The Internet can be a nasty place – particularly online discussions and the comments sections of blogs. But is the recent increase in online hostilities really an indication of some groundswell of American rage, or are there just a few bad eggs determined to make it look that way?
There’s a relatively new phenomenon occurring online these days – an illusion of populist group hostilitiy I’ve come to call “Sock Mobs,” after the “sock puppets” people use to feign multiple identities in online conversations. It works like this:
An anonymous poster picks a fight with his presumed enemy. Whether or not that enemy responds, a number of other posters appear to chime in – agreeing to whatever the accusation might be. “This guy is a commie.” “This doctor is a quack.” “This guy wants Israel to be abolished.” “This professor is corrupting college students.” The accusation comes along with twisted supporting evidence. Every once in a while, an underinformed but real person agrees with the accusations; after all, it appears from the posts that this enemy of all things good and proper really might be a threat. All this makes it look like there’s a lot of upset people.
The accused party might respond, explain, and clarify, but the original poster always ignores the facts presented and reframes the argument to his liking – always polarizing, exaggerating, or even misquoting the defendee. Then, again, all those voices of agreement pile on. Eventually, the defendee goes away – having said pretty much all he or she can say – and the original anonymous angry poster claims victory: see? the accused can’t have an open discussion because he is guilty.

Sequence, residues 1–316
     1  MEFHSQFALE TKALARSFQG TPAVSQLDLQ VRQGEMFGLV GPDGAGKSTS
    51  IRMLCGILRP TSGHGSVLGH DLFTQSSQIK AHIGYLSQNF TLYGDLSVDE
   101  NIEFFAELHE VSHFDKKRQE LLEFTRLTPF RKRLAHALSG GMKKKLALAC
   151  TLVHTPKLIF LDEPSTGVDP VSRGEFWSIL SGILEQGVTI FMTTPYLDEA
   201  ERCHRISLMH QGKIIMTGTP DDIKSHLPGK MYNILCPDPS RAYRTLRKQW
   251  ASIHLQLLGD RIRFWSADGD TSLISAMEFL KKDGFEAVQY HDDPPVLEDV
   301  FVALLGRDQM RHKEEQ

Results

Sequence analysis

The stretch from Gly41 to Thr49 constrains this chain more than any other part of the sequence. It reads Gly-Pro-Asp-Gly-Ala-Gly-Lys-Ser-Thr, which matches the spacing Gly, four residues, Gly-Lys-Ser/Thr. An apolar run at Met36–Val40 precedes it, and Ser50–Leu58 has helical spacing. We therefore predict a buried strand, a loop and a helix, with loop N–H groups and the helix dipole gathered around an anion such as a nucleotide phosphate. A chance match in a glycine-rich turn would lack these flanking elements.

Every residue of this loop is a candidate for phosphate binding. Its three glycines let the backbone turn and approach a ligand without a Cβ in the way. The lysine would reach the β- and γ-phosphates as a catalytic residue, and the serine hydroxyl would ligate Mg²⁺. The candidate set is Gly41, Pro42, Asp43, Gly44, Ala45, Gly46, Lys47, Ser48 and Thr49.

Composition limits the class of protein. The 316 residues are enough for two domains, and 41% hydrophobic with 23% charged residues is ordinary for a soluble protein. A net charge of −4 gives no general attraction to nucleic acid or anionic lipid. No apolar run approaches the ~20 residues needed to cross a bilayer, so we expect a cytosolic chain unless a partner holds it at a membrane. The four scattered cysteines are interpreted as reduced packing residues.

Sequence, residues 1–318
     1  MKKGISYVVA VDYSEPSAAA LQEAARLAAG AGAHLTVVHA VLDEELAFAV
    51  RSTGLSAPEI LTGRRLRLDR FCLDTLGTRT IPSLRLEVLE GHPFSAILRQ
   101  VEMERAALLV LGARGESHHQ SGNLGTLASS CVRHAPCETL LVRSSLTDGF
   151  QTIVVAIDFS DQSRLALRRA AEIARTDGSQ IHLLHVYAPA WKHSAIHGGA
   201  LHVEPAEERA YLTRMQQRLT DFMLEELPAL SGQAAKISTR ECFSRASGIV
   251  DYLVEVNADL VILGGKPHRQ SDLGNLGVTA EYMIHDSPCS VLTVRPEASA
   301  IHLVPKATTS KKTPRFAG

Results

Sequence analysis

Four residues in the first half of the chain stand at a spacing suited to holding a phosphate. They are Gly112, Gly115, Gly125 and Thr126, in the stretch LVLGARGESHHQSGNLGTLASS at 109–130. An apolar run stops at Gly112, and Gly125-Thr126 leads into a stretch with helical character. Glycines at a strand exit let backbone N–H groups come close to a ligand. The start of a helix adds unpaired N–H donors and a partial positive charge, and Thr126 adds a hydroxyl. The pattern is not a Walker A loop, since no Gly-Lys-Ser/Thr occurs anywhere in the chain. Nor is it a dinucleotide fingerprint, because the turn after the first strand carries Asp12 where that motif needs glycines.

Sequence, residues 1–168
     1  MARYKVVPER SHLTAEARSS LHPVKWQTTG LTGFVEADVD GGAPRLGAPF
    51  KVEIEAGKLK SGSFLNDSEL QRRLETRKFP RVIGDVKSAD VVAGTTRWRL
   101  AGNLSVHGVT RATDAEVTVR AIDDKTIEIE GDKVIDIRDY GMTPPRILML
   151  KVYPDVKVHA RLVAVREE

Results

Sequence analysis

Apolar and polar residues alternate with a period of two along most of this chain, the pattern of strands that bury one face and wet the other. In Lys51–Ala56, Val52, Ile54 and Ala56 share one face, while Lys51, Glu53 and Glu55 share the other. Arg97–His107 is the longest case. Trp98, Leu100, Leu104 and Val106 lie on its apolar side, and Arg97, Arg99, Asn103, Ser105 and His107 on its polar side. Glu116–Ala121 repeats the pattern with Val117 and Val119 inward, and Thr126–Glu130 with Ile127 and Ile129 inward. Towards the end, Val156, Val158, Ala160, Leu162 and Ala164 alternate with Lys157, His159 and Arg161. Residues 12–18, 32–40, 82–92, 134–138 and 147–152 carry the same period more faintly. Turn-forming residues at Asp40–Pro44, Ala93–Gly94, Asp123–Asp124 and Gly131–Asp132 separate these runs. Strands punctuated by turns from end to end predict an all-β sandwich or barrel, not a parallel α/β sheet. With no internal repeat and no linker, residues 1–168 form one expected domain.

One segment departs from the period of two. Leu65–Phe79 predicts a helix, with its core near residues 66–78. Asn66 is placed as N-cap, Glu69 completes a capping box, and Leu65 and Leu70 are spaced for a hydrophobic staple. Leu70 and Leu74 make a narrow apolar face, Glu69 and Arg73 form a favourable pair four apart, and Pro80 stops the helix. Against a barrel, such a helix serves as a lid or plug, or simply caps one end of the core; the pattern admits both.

It turns out, however, that many of these “gangs” of seemingly unrelated, individual posters are just one person. In most cases, it’s a shill of a lobby, a “campus protection” organization, or an offshoot of a political party. He logs in from multiple computers, spoofs IP addresses, and sometimes even fakes responses by his target. All in an effort to make it appear that a real grassroots mob of regular folk are taking a stand against the evil communist, market critic, or God-hating evolutionist. College students are hired to troll message boards and engage in this behavior. Of course in other cases it’s just a lonely, obsessed, anti-fan.
That’s right: it’s not a smart mob at all, but a faux mob, constructed for no other purpose than net propaganda. Think “Swift Boat Veterans,” but on a smaller, more diffuse scale. It’s a tactic I’ve seen used in one form or another against Richard Dawkins, Mark Crispin Miller, Naomi Klein, and Tony Kushner, to name just a few. It’s even been tried on me a few times – and i’ve fallen for it more than once, engaging in conversations with mobs of one, who have no desire whatsoever to engage – only to discredit.
It’s nasty, but it’s a cheap, effective way of keeping someone from doing his more important work, and to create an illusion of controversy that might get colleges or other organizations to think twice about letting that person teach or speak. That is, if people really read and respect such anonymous activity from blogs. For the most part, I don’t think they do.
But it’s an interesting lesson and conundrum. And as a media theorist, I feel obliged to help figure out a way to advise others who want to avoid getting entangled in this kind of disinformation. My advice would be:
1 – Unless you’re really a politician or public figure (Obama, et al) – don’t attempt to quash conversations in which you are dissed by anonymous posters. They are simply baiting you.
2 – To avoid people spoofing your identity, only participate in a few public forums, and limit those to ones where you are confident that you can keep track of anything posted in your name, and where the registration process seems rigorous enough to prevent anyone with a Hotmail account from picking a name close to your own.
3 – Don’t engage with people who clearly don’t mean to engage with you. There’s no way to win an argument or, better, get enlightened by engaging with someone who would rather do you harm than change your mind.
For the record, from now on you won’t see me posting to conversations anywhere online except here, John Brockman’s Edge.org and Warren Ellis’s Engine – sites whose owners I trust, and whose administration is secure. And anything else you do see with my name on it in some open online discussion – it isn’t me.
(special thanks to Howard Rheingold and Mark Frauenfelder for helping me come up with a name for this phenomenon)